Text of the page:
74 FEDERAL REPORTER.
operating, under the statute of August 31, 1852, as an appeal by the party against whom the decision was given." The customs administrative act of 1890 contains no such clause, nor anything like it. The decision of the circuit court is affirmed.
DUDL:BW v. UNITED STATES. (Circuit Court, D. Vermont. May 19, 1800.)
CUSTOMS DUTIES-CLASSIFICATION-DRESSED LU1I'IBER.
Inch boards and three-inch plank, planed on both sides, and tongucd and grooved, are not dutiable as "manufactures of wood," under paragraph 181 of the act of 1894, but are entitled to free entry as "dressed lumber," under paragraph 676. "Manufactures of wood," as used in paragraph 181 of the act of 1894, means articles made of wood, and completed into things different from what the wood was before. Hartranft v. Wiegmann, 7 Sup. Ot. 1240, 121 U. S. 609, and Maddock v. 14 Sup. Ct. 588, 152. U. S. ::168, applied.
This was an application by Frank Dudley for a of the decision of the board of general appraisers sustaining the action of the collector in respect to the classification in duty of certain boards and planks imported by him. C. A. Prouty and J. P. Tucker, for appellant. John H. Senter, U. S. Atty. Edward L. Strong, and Daniel Magone, for the United States. WHEELER, District Judge. a duty on: The tariff act of 1894 provides for
181. House or cabinet furniture, of wood, wholly or partly finished, manufactures of wood, or of which wood is the component material of chief value, not specially provided for in this act, twenty-five per centum ad valorem.
And puts on the free list:
Wood. 672. Logs, and round unmanufactured timber not specially enumerated or provided for in this act. 673. FireWood, handle bolts, heading bolts, stave bolts, and shingle bolts, hop poles, fence posts, railroad ties, ship timber, and ship planking, not specially provided for in this act. 674. 'I'imber, hewn and sawed, and timber used for spars and in building wharves. 675. Timber squared or sided. 676. Sawed boards, plank, deals, and other lumber, rough or dressed, except boards, plank, deals and other lumber of cedar, lignum vitae, lancewood, ebony, box, granadilla, mahogany, rosewood, satinwood, and all other cabinet woods. 677. Pine clapboards. 678. Spruce clapboards. 679. Hubs for wheels, posts, last blocks, wagon blocks. oar blocks, gun blocks, heading, and all like blocks or sticks, rough hewn or sawed only. 680. Laths. 681. Pickets and palings. 682. Shingles. 683. Staves of wood of all kinds, wood unmanufactured.
The appellant imported inch boards and three-inch plank, planed on both sides, and tongued and grooved. The collector assessed a duty of 25 per cent. on it, as a manufacture of wood, under paragraph 181. The appellant protested that it was free, under paragraph 676. 'fhe board of general appraisers found on the opinions of 24 witnesses out of 46 examined by them "that the merchandise is not commercially known as 'dressed lumber,' but has passed beyond that description by the processes of tonguing and grooving, which are additional to dressing," and affirmed the classification of the collector. 'fhe testimonv of another witness to the contrary has been taken since. That this material is still lumber, and i'8 bought and sold by the thousand feet, as lumber is, nearly all of the witnesses agree. That it is not akin to the articles of wood mentioned in paragraph 181 is quite apparent. That paragraph expressly refers to house or cabinet furniture of wood, wholly or partly finished; and then to manufactures of wood, without reference to the extent of finishing, thereby implying that these are referred to as finished. Manufactures of wood are articles made of wood, and completed into things different from what the wood of which they are made was before. Hartranft v. Wiegmann, 121 U. S. 609,7 Sup. Ct. 1240; Maddock v. Magone, 152 U. S. 368, 14 Sup. Ct. 588. Paragraph 676 does not refer either to sawed lumber or to dressed lumber, by itself, but, after naming sawed boards and plank,-which the two kinds of this importation are,-it mentions other lumber, rough or dressed, which must mean, as lumber is divided into two classes, rough and dressed, all other lumber whether rough or dressed. This is lumber dressed for use, and has not been made into anything beyond lumber so dressed. Articles used for kindred purposes, and which are completed things, having names of their own, and which would not be included under the general head of lumber, are expressly placed on the free list in this schedule, indicating an intention that all these should be free. Neither sawed nor dressed lumber is usually dealt in by those names, but by what it is wanted for; so this is not Ii question of trade names, but of what the material is. If it is dressed lumber in fact, it is free. Robertson v. Perkins, 129 U. S. 233, 9 Sup. Ct. 279. The finding of the board of appraisers, upon conflicting evidence, is entitled to great weight, but they did not have all the witnesses before them, and the evidence and their finding fall short of really showing that these are completed manufactures of wood. Dressing them further by tonguing and grooving does not make them anything else. Classification reversed.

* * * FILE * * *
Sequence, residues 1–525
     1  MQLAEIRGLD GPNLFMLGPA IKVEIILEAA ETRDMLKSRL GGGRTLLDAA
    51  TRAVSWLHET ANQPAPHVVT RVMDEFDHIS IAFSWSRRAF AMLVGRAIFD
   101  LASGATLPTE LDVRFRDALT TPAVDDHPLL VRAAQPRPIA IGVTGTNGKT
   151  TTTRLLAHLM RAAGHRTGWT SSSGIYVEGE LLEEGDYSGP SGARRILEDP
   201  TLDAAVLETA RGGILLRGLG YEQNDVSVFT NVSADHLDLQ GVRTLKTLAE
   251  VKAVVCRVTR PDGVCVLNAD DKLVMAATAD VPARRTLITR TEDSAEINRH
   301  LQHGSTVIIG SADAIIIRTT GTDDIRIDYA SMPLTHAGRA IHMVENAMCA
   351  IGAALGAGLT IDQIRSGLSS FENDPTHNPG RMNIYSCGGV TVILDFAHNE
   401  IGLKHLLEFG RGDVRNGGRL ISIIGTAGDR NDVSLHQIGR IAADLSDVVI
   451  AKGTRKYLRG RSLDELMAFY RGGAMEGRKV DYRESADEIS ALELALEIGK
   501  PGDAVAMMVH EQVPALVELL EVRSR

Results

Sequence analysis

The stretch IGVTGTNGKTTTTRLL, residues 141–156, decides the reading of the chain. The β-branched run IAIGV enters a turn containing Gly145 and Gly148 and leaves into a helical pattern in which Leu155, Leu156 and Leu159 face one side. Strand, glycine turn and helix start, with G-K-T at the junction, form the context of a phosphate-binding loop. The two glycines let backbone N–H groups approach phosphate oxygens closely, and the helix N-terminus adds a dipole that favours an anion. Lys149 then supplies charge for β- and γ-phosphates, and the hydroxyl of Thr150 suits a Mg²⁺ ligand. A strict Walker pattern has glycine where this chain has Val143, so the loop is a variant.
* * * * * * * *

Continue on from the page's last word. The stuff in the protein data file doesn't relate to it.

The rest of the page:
GANDOLFI et al. v. l;::\,ITED STA'l'ES. (CirCUit Court of Appeals, Second Circuit.
ACT .TUNE; 22.
May 12, 1896.)
1874, The act of congress of June 22, 1874, prOViding, in section 21, that "whenever duties upon any imported goods * * * shall have been liquidated and paid, and such goods * .. * delivered to the owner, .. * * such